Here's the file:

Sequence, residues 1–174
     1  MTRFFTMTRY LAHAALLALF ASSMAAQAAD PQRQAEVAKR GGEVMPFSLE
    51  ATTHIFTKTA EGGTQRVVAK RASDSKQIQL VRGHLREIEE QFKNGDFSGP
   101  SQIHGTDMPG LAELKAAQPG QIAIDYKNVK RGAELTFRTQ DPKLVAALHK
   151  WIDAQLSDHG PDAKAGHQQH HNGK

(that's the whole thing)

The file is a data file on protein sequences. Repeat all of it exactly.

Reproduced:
Sequence, residues 1–174
     1  MTRFFTMTRY LAHAALLALF ASSMAAQAAD PQRQAEVAKR GGEVMPFSLE
    51  ATTHIFTKTA EGGTQRVVAK RASDSKQIQL VRGHLREIEE QFKNGDFSGP
   101  SQIHGTDMPG LAELKAAQPG QIAIDYKNVK RGAELTFRTQ DPKLVAALHK
   151  WIDAQLSDHG PDAKAGHQQH HNGK